Our community has seen astonishing shifts around what kind of conversation is “allowed” when we talk about Israel. Last month, over 300 students gathered at the first ever J Street U Student Town Hall to discuss this shifting landscape. We invited Eric Fingerhut, Hillel International’s CEO, to join us. Though he originally committed to attending, he canceled due to scheduling issues.
The Town Hall was a missed opportunity for Fingerhut to engage with Jewish leaders of the next generation, many of whom also serve as Hillel student board members and participants. That meant he didn’t get the chance to address a primary concern of American Jewish students, no matter their political stripe or organizational affiliation. We are excluded from meaningful participation in the shaping of our communities, which has led many to turn away from the centers of Jewish life.
We needed Eric Fingerhut to demonstrate that there is an alternative to leaving Hillel altogether, as Jay Michaelson suggests, by providing students a serious seat at the table.
I am lucky. In Portland, Jewish students do not have to make the tough choice between participating in Jewish life and remaining committed to a more peaceful, secure and democratic future for Israelis and Palestinians. Jewish Federation of Greater Portland CEO Marc Blattner supported our work advocating for the two-state solution by generously funding J Street U Portland State students attending the Town Hall.
Due to the support of our Jewish Agency Israel Fellow, we also enjoy a fantastic relationship with our campus Hillel. Despite widespread communal hand-wringing about the future of traditional Jewish institutions, young Jews are partners in the conversation about the future of Jewish communities in Portland.
But I worry about my fellow students at other colleges, such as the University of Pennsylvania. Recently, Hillel of Greater Philadelphia (HGP) co-sponsored a screening of the anti-J Street smear film “The J Street Challenge” on Penn’s campus, despite the fact that J Street U Penn is housed under Penn’s Hillel umbrella.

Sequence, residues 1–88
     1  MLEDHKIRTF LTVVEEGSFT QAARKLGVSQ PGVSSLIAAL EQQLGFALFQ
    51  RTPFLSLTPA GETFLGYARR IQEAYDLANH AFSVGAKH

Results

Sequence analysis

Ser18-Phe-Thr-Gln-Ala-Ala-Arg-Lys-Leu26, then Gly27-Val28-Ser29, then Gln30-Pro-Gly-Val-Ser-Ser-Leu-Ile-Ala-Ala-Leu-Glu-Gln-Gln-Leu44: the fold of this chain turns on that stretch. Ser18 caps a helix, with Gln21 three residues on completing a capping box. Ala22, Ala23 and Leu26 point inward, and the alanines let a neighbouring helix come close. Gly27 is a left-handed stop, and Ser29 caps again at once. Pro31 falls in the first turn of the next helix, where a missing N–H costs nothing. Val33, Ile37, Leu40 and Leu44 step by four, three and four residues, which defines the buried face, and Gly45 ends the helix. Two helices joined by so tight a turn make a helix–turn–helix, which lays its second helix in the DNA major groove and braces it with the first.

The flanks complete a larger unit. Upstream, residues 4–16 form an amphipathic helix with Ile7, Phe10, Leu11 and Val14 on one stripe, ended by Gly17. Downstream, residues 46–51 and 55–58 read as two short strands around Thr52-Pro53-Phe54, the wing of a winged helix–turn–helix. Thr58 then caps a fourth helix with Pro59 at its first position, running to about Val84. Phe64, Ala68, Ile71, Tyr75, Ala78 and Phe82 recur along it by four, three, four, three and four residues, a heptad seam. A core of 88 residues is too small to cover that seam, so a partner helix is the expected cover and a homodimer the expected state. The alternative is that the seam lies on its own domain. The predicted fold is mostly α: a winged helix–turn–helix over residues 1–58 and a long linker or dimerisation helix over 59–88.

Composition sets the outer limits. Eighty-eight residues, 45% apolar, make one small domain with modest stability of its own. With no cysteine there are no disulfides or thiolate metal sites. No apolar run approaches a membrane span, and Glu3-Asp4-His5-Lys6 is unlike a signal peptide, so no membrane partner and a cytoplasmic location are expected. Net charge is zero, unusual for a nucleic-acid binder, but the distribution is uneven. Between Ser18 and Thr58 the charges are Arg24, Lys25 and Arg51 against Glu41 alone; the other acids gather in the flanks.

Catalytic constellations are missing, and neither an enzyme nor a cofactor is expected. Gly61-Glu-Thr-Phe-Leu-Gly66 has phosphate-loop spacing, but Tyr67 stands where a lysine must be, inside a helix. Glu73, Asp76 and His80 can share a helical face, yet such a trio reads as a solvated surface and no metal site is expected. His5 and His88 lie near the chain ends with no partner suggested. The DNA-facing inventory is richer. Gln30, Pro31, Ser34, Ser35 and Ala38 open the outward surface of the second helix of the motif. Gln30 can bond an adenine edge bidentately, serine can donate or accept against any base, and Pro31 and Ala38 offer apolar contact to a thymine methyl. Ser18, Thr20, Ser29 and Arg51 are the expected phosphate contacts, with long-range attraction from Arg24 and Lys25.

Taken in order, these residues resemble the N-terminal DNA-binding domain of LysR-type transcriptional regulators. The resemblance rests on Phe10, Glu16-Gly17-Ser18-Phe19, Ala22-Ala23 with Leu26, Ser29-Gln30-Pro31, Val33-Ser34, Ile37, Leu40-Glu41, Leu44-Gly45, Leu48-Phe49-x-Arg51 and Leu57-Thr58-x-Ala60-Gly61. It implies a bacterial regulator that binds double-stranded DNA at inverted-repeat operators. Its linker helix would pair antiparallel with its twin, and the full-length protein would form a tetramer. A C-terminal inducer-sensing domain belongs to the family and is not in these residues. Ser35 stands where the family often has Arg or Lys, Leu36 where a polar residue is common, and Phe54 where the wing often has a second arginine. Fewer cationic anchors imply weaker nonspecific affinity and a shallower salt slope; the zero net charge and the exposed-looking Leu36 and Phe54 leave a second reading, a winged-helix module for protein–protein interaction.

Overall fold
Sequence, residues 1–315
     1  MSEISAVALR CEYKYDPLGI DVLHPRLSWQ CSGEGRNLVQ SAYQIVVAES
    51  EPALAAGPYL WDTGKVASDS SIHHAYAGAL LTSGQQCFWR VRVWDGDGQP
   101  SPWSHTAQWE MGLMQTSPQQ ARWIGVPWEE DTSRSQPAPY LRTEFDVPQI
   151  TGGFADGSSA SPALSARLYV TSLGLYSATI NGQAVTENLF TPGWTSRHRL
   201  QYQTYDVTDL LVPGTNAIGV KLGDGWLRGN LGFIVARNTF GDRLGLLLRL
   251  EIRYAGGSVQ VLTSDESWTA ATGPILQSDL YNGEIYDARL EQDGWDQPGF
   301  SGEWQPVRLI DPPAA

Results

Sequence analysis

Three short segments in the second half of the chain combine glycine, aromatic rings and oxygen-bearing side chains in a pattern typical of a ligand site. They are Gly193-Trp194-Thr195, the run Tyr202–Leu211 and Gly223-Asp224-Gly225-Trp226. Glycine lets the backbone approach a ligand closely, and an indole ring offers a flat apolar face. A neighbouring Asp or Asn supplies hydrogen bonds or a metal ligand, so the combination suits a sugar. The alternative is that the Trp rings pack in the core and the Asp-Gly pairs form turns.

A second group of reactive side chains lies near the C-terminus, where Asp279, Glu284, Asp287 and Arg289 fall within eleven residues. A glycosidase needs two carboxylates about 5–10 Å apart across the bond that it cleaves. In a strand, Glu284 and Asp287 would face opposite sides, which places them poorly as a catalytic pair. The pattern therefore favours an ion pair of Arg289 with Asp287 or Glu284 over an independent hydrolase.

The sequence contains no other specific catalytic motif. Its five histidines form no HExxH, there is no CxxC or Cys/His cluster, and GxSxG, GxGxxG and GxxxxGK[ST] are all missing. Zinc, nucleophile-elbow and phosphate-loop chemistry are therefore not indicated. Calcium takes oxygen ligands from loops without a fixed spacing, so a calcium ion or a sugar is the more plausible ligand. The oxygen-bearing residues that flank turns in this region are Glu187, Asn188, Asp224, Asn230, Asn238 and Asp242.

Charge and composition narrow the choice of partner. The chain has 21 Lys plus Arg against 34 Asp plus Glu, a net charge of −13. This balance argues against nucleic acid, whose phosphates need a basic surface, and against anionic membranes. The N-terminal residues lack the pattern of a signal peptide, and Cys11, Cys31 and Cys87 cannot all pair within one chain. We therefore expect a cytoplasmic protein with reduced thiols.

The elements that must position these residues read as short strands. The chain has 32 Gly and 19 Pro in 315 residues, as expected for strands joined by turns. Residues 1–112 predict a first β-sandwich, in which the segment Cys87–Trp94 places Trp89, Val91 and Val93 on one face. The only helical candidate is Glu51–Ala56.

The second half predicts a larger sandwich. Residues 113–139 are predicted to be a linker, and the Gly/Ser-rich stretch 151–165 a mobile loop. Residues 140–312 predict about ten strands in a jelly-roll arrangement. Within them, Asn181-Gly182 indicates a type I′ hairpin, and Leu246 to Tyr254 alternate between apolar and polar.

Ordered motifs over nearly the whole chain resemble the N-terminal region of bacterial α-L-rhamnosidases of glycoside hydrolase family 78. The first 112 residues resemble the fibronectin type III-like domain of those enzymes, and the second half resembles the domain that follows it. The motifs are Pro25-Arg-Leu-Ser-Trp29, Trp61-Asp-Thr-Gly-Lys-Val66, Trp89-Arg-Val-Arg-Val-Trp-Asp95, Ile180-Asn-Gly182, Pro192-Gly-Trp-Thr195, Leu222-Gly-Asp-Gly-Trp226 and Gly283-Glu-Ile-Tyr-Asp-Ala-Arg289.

No students were involved in HGP’s decision to participate in the screening. Not one. And in fact, there are no student members of the HGP board. But don’t misunderstand; young Jews want to have a stake in the affairs of their community. After hearing about HGP’s participation in the screening, the majority of Penn Hillel student group leaders – 21 student leaders in all – signed a petition opposing HGP’s participation in the screening. Despite this overwhelming opposition among their students, HGP refused to withdraw their support.
This difference between my community and the situation at Penn brings into sharp relief the need for serious, meaningful student representation in our institutions. We believe that Hillel International cares deeply about student leadership; they have assured us of that fact many times since the Open Hillel debate began late last year.
But students hold largely ceremonial positions in its governing bodies, and the small percentage that serve on the Hillel International Board are handpicked by professional leadership.
Hillel has the great opportunity to lead on this front. The fact is that as our community frets about how to engage young Jews, very few institutions represent us. Hillel is an organization meant to serve Jewish students on campus, and students, regardless of their political bent, should be a part of their decision-making processes.
Therefore, we are asking Hillel International to work with their vast and diverse student constituency to ensure that one year from now, students elected by their peers comprise one-third of the national Hillel board of directors. We will spend the next year advancing this goal. Until Jewish communal institutions demonstrate that students are at the center of organizations meant to serve them, Jewish communal leaders shouldn’t be surprised to see a mass exodus of young people from the Jewish community.
We hope Eric Fingerhut will join Mr. Blattner in Portland and the host of national leaders who attended our Town Hall in ensuring that young Jews are partners – with our generous communal donors – in the vital decision-making that impacts all members of our campuses and communities.
Gabriel T. Erbs is a senior in the English department at Portland State University, where he is co-chair of J Street U Portland State. Gabriel grew up in Portland’s Jewish community, and has also studied at a yeshiva in Jerusalem and attended university in Istanbul. He last wrote for the national Jewish student magazine New Voices.